AAAS and Subaru brought educators to the AAAS Annual Meeting for professional development and networking opportunities with prize-winning authors. Subaru has also taken part in AAAS Family Days, where they have hosted a reading lounge, author meet-and-greets and hands-on experiments.
From 2015 to 2018 AAAS participated in the Subaru Loves Learning initiative. AAAS helped Subaru retailers donate prize-winning books to local schools around the country, and contributed educational resources to incorporate the books into curricula. The program donated over 278,000 science books to schools.
Since 2020, with many students learning at home, the education team at AAAS started reaching educators and families in new ways, said Ingraffea. AAAS has created more than 120 resources, including hands-on STEM activities and blog posts, with career interviews with STEM professionals and profiles of prize-winning authors – some of which they have translated into Spanish, Ingraffea added.
CHILDREN’S SCIENCE PICTURE BOOK WINNER
Mimic Makers Biomimicry Inventors Inspired by Nature, by Kristen Nordstrom. Illustrated by Paul Boston. Charlesbridge, 2021.
Sometimes our best inventions are inspired by nature, a practice called biomimicry. In this book, readers are introduced to ten real-life engineers, scientists, and designers who imitated plants and animals as they created amazing new technology. Young readers will learn how we can copy nature’s best ideas to solve real-world problems.
MIDDLE GRADES SCIENCE BOOK WINNER
A Shot in the Arm!: Big Ideas that Changed the World, by Don Brown. Amulet Books, 2021.
A Shot in the Arm! offers an illustrated history of vaccinations and the struggle to protect the world from infectious diseases. Author Don Brown reviews how deadly diseases like polio, cholera, rabies, measles, influenza, and COVID-19 challenged human society and how we developed vaccines to fight back.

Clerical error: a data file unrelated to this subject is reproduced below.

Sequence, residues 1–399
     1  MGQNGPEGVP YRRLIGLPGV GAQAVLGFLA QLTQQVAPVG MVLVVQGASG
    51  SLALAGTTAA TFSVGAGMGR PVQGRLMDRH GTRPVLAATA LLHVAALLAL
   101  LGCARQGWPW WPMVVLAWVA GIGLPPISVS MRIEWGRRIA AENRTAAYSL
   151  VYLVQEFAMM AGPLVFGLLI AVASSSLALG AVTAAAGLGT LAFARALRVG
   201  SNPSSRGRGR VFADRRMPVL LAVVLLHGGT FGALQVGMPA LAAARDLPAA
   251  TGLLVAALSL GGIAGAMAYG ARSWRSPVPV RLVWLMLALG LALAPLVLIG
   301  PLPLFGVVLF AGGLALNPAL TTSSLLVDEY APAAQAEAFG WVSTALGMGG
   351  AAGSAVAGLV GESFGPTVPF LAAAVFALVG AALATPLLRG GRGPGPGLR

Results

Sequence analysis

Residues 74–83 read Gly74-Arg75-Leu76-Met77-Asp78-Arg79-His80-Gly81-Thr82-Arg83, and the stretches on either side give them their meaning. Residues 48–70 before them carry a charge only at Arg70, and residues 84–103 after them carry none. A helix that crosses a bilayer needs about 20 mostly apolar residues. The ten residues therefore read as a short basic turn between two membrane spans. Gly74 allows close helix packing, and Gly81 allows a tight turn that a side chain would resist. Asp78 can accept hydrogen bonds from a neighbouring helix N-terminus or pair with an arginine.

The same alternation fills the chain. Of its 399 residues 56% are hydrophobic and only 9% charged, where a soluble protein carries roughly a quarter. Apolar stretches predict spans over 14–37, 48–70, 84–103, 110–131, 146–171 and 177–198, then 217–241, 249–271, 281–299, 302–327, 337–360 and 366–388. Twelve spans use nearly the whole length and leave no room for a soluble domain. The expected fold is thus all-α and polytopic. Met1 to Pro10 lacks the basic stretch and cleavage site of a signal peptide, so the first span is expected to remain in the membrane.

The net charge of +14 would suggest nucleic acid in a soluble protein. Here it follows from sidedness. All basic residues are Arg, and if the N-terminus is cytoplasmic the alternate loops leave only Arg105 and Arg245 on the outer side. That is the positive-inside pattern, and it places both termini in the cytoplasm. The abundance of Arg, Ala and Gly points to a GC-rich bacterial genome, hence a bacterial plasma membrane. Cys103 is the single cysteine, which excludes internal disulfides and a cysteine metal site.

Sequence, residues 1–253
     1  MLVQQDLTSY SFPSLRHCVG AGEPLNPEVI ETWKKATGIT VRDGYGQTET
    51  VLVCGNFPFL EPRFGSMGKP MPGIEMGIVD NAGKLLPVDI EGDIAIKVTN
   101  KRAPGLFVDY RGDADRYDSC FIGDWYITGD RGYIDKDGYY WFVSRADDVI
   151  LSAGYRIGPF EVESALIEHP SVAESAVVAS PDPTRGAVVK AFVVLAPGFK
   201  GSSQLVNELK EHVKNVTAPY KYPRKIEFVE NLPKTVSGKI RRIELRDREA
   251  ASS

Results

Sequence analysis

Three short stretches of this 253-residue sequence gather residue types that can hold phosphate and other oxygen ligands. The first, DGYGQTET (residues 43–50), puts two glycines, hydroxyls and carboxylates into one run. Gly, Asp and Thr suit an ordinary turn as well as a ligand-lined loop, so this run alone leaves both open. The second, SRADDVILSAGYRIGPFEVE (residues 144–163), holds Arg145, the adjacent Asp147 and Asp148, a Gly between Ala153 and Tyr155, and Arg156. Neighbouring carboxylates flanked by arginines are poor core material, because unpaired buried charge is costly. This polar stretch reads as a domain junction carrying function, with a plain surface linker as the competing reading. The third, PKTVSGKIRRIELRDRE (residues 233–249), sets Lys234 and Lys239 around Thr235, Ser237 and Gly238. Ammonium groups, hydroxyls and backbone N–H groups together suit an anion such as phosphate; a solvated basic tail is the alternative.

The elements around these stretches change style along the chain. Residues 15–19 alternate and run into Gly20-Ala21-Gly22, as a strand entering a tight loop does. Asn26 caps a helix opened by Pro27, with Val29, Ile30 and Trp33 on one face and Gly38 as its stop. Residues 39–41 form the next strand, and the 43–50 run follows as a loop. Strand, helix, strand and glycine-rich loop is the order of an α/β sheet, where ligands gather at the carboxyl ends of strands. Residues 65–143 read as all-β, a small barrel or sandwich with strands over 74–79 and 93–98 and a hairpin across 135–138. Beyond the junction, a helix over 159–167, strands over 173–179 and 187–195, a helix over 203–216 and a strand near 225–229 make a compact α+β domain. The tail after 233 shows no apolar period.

HANDS-ON SCIENCE BOOK WINNER
Sky Gazing: A Guide to the Moon, Sun, Planets, Stars, Eclipses, and Constellations, by Meg Thacher. Storey
Sky Gazing is a visual guide to observing the sky with the naked eye, allowing kids ages 9-14 to delve into the science behind what they see when they look up at night. The book offers an overview of our solar system and deep space, describing how the Earth’s moon formed and the scientific processes that create phenomena like eclipses, meteor showers, and the northern lights. Young readers will also be dazzled by included star charts that will show them how to locate constellations in both hemispheres and throughout the seasons of the year.
YOUNG ADULT SCIENCE BOOK WINNER
Great Adaptations: Star-Nosed Moles, Electric Eels, and Other Tales of Evolution’s Mysteries Solved, by Kenneth Catania. Princeton University Press, 2020.
Biologist and neuroscientist Kenneth Catania uses Great Adaptations to highlight some of the most remarkable results of nature’s evolutionary processes. We’re treated to the story of the star-nosed mole, electric eels, and other interesting creatures whose adaptations allow them to thrive in the animal world. As Catania tells readers in the introduction to the book, it serves as his “personal account of those unexpected and interesting things discovered during a career spent investigating biological mysteries.”